A blood sugar test to diagnose Type 1 diabetes only takes a minute, but not doing that initial test can cost a life.
When outward symptoms of Type 1 begin to appear, blood sugar levels spike as insulin sensitivity drops. Initial symptoms of untreated diabetes can include increased thirst, fatigue, weight loss, and frequent urination. These symptoms can sometimes be attributed to other ailments, delaying treatment.
When left untreated, the blood sugar imbalance can lead to life-altering, if not fatal, complications. The body begins to burn fat for energy to get the glucose it needs. Ketones build up in the blood, making it acidic, and diabetic ketoacidosis, or DKA, begins, which can lead to death.
The hardest part to accept about deaths from undiagnosed diabetes is how easily they could have been prevented. Diabetes activists recently have been calling on better screening for Type 1 diabetes. To show the importance of such screening, we’ve collected from blogs and news reports four stories of young people who recently passed away from undiagnosed Type 1:
Tyson was always seen as a healthy, athletic kid and teenager growing up in Reno, Nevada. He was rarely ill, other than the typical flu or cold during the winter. When he came down with flu-like symptoms at the age of 17, including nausea and body aches, no one thought anything of it.
What no one knew was that after a week of sickness Tyson’s blood sugar levels were in the 3,000 mg/dL range. When paramedics were called, they almost immediately diagnosed him with diabetes on the scene. Within 12 hours of being admitted to the hospital, Tyson had passed away.
Tyson’s diagnosis was rapid, but he had previous symptoms of frequent urination, thirst, and fatigue which he didn’t share with his parents. Tyson was a week shy of turning 18.
Kycie Jai Terry
Kycie Terry was the only daughter of six children in a large family in Utah. The first symptoms of her diagnosis came on after church one Sunday, when she complained of a headache. The next day, she complained of a stomachache and nausea, and was kept home from preschool. A local doctor then misdiagnosed her with strep throat and her parents soon noticed she was losing weight. The following day she was brought to the ER and diagnosed with diabetes, then taken by helicopter to a hospital in Salt Lake City, Utah.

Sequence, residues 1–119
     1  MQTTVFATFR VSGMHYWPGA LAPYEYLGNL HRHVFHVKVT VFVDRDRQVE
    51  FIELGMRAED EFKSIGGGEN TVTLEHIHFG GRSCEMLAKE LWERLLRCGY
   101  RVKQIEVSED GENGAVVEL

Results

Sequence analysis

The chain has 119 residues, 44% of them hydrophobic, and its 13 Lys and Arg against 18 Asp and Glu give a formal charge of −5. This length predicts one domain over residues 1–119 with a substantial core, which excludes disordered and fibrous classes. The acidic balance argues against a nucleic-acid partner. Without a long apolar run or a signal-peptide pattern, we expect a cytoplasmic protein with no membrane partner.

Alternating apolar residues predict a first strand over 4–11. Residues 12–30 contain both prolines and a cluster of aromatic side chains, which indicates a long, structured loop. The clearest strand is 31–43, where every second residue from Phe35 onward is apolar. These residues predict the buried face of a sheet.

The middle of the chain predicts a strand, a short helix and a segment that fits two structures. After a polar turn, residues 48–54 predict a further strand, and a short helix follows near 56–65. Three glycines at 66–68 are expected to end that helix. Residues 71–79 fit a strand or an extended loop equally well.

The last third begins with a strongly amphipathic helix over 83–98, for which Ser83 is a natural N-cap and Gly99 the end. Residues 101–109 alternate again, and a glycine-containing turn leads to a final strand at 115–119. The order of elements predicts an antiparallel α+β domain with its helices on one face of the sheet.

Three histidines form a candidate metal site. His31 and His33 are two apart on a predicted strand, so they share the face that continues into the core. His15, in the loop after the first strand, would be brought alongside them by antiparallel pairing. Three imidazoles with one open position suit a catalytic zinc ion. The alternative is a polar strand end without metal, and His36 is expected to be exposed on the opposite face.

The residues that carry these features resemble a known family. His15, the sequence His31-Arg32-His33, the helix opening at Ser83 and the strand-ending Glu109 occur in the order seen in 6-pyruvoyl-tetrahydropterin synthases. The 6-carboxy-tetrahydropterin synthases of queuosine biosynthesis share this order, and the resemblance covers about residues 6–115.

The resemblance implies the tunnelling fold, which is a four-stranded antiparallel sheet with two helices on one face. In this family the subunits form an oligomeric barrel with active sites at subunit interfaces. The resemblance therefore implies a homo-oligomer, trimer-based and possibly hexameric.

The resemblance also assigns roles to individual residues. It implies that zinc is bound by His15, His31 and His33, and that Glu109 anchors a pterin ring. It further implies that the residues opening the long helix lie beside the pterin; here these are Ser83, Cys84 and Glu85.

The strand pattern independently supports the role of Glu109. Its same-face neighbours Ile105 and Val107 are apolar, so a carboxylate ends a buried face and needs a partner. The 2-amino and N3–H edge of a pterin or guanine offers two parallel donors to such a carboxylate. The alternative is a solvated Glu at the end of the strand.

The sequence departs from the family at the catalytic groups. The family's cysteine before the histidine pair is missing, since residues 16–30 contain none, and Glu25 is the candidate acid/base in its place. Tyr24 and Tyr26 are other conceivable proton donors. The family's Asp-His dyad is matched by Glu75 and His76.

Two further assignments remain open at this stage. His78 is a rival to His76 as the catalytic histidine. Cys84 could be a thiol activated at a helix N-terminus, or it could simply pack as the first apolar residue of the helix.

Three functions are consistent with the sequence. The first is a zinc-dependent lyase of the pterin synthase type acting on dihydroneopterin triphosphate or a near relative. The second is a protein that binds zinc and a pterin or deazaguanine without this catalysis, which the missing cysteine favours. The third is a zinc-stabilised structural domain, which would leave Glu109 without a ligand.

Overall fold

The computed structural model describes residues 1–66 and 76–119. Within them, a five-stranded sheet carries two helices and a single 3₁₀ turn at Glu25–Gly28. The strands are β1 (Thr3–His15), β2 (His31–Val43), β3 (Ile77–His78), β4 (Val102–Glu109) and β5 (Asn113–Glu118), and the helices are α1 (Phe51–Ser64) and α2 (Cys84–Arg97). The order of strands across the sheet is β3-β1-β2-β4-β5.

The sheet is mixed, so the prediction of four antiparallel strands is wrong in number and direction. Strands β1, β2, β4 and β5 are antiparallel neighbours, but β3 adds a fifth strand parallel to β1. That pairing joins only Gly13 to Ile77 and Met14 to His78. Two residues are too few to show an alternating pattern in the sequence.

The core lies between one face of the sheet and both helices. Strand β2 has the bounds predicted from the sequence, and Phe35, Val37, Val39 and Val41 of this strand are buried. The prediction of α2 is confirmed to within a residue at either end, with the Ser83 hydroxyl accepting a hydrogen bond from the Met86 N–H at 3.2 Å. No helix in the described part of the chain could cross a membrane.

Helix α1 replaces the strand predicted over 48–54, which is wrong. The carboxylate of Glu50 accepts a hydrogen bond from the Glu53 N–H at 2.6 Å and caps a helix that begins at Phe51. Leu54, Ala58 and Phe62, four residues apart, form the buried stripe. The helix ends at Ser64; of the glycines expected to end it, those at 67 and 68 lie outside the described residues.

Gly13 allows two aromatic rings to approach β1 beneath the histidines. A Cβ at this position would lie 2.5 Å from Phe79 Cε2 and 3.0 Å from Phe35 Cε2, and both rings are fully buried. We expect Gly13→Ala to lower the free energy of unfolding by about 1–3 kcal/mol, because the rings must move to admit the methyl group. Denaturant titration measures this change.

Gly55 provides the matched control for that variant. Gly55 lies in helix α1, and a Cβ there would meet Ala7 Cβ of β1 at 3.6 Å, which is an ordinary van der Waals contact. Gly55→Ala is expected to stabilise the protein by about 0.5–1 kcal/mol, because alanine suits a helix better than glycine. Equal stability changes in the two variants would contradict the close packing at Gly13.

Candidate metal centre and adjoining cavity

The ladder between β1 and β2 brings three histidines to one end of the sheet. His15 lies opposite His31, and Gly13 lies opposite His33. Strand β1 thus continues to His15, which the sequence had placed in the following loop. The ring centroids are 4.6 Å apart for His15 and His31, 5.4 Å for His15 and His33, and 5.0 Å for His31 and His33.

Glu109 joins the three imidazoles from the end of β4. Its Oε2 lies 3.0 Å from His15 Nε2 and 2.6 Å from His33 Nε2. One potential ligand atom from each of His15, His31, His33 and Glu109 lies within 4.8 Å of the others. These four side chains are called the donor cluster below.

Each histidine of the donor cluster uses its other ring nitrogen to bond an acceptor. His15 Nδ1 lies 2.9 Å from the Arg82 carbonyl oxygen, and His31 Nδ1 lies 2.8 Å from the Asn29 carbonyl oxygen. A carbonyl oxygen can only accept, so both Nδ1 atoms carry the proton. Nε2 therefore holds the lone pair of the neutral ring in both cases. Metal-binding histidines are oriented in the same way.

Kycie suffered several seizures, resulting in extensive brain damage. She began a long road to recovery, but she was unable to speak or move. A few months later, she passed away at home from pneumonia. She was six years old. You can read more about Kycie’s story here.
Peter Baldwin was just beginning teenagehood in Cardiff, Wales. He was a selfless young man, spending his spare time working with an anti-bullying group, the Teenage Cancer Trust, and the student council.
Doctors missed the symptoms of Type 1 because they were masked by a chest infection and a virus. He died shortly thereafter in January 2015. His parents plan on presenting a petition to the Welsh Parliament calling for all children in Wales to be tested.
Not all diagnoses of Type 1 diabetes come at a young age; in Nicky Rigby’s case, it came after the birth of her daughter. Nicky was a young mother from Wirral, England; her symptoms of fatigue and weight loss were written off as exhaustion and stress from giving birth and caring for a newborn. She was prescribed iron tablets.
On the night of the birthday of her fiance, Nicky hadn’t been feeling well and went to sleep early, but she encouraged her fiance to go celebrate with a few friends. Upon his return that night, he found her unconscious in their bed, surrounded by vomit. As a result of undiagnosed Type 1 diabetes, her esophagus had deteriorated, leading to her death. She was 26 years old.
There are several organizations trying to raise awareness of the symptoms of Type 1 diabetes and calling on better Type 1 diabetes screening. While there are a handful of state groups, there are two national groups that track many of the efforts:
Test One Drop – A group that focuses on raising awareness of the symptoms of Type 1 diabetes.
Up Rising Against DKA – A Facebook group that shares stories of missed diagnoses and coordinates efforts to call for diabetes screening
We encourage you to work to improve Type 1 screening in your community. Please share with us your efforts; you can email our editor, Craig Idlebrook, at firstname.lastname@example.org.
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